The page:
OSM review: Virtuoso duet from Denis Matsuev, Mikhail Pletnev

MONTREAL - My Moscow relatives were jealous when I told them I would hear Denis Matsuev play Rachmaninoff’s Third Piano Concerto at the Maison symphonique Thursday, and these are not easy people to impress. I had one cousin train an elephant to walk a tightrope between two balconies at a party — a three-ton beast, bejazzled in every way, who loped across with a triumphant teenager on top — and nobody noticed.

Turns out they were right to be jealous, but first there was the matter of The Seasons, the ballet by Glazunov — the same Glazunov who allegedly ruined the première of Rachmaninoff’s first symphony by conducting it drunk. Not a Russian tradition, in this case — it’s just what I think of whenever these two share a concert program.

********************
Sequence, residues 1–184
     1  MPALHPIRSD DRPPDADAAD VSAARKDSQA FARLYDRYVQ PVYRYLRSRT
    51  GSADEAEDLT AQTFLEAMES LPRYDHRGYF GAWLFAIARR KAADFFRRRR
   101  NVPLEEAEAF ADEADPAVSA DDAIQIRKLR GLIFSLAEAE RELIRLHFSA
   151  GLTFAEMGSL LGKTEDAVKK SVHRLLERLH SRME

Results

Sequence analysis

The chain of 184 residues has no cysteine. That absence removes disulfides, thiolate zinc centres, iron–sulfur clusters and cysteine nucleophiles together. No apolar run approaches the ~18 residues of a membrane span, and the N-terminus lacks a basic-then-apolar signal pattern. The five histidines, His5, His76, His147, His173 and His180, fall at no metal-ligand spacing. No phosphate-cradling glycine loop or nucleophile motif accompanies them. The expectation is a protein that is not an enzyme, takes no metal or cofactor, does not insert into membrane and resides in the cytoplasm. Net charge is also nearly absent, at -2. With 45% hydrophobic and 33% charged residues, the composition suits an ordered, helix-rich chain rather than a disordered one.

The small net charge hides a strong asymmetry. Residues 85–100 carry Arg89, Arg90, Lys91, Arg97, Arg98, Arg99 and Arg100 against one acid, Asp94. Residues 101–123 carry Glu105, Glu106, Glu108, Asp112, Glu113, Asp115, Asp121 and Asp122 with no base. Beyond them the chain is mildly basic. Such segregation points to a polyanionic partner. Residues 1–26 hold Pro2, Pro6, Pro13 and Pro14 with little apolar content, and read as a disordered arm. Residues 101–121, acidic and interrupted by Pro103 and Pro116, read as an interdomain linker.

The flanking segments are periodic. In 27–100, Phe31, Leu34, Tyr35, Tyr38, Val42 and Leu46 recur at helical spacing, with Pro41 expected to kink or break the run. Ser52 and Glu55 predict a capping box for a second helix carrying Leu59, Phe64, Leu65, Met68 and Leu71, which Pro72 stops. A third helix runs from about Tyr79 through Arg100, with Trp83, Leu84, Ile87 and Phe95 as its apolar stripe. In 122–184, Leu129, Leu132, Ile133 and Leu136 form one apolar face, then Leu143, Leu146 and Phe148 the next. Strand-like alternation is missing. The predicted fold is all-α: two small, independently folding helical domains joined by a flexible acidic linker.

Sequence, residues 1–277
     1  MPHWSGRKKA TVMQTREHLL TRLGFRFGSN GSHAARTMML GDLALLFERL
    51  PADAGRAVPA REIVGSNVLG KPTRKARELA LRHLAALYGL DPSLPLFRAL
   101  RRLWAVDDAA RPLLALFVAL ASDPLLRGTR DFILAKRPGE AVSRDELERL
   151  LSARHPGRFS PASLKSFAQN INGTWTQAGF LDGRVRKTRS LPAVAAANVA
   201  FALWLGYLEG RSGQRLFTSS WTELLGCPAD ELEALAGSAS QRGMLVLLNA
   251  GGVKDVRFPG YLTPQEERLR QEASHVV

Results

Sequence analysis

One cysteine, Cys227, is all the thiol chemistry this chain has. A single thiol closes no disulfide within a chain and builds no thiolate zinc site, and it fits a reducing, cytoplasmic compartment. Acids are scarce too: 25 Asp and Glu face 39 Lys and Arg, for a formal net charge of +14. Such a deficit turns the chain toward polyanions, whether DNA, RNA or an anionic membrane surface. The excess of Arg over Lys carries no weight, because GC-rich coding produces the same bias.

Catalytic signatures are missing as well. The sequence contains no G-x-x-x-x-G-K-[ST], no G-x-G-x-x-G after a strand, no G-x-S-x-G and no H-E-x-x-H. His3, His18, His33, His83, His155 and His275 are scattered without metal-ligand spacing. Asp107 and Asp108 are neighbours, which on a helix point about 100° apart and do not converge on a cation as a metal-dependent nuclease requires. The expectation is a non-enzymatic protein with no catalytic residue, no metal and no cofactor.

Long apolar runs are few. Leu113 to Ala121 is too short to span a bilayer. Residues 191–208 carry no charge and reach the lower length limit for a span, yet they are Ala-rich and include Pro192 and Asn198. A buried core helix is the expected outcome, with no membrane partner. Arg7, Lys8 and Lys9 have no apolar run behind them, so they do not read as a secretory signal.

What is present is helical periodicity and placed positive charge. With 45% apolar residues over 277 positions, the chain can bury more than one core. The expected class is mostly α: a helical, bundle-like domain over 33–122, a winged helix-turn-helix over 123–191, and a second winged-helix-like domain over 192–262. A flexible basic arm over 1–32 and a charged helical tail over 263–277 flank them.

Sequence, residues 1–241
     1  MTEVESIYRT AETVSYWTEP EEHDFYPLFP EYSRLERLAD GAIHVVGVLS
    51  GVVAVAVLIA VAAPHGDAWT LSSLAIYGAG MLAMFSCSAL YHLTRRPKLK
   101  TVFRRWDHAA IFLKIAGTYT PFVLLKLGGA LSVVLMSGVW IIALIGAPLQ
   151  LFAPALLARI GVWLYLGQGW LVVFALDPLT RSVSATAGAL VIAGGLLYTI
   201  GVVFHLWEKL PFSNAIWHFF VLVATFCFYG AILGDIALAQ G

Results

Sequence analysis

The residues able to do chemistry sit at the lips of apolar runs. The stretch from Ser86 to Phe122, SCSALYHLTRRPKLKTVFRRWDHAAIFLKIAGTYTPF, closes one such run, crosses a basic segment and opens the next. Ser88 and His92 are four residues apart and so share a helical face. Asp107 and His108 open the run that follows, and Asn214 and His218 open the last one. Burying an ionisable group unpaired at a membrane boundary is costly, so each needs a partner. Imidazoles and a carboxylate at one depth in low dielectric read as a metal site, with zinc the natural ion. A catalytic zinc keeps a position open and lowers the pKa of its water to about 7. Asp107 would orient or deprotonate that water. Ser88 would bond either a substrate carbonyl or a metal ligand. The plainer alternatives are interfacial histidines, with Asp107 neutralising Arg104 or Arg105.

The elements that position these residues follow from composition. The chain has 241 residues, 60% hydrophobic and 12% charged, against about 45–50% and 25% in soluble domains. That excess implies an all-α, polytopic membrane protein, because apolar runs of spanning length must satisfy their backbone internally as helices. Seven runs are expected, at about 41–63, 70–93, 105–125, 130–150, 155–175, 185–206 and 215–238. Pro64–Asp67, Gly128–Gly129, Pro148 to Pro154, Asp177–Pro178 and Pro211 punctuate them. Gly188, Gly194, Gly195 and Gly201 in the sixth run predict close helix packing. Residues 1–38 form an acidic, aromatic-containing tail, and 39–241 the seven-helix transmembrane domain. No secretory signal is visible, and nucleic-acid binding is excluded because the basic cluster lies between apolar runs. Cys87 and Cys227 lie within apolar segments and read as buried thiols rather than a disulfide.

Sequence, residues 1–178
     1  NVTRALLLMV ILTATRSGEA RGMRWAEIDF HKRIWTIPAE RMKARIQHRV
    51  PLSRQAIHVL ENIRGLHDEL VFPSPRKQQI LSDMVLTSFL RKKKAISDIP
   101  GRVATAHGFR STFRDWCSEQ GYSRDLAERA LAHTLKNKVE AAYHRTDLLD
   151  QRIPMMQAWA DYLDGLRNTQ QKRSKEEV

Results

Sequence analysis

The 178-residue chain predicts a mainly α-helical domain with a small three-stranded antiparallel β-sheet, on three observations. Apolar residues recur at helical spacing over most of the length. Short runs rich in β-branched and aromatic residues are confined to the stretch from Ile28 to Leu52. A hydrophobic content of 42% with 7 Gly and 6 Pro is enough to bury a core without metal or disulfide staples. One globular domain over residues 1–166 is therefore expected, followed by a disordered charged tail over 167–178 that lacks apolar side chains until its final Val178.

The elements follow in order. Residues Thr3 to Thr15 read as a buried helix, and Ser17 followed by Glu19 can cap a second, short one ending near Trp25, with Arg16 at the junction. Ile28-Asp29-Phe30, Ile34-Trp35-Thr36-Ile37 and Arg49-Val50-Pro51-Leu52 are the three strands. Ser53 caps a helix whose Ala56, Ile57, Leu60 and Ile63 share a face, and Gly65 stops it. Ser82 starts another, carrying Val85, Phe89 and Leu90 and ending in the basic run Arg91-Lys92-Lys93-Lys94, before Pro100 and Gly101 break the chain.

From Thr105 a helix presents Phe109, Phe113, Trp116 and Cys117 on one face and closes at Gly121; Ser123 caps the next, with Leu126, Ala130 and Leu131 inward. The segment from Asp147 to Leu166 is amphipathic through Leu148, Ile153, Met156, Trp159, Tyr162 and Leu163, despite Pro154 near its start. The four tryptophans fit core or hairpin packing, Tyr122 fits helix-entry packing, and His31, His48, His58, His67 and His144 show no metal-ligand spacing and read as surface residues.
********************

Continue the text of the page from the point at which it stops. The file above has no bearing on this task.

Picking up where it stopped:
Glazunov was a wunderkind, like Rachmaninoff, but from St. Petersburg instead of Moscow. He even managed to ride out the revolution, which comes to mind because there is something shrewd about his music, even with Mikhail Pletnev leading the OSM. It was a vivid performance and its more brilliant parts, like the Autumn Bacchanal, made me glad there weren’t dancers trying to keep up with Pletnev. He conducts like a man launching a yacht in a tuxedo, careful-don’t-get-mud-on-it movements bursting into Christ-I’ll-do-it-myself. But most of the suite just ran prettily past. No matter how finely the material is worked, it’s still not gold.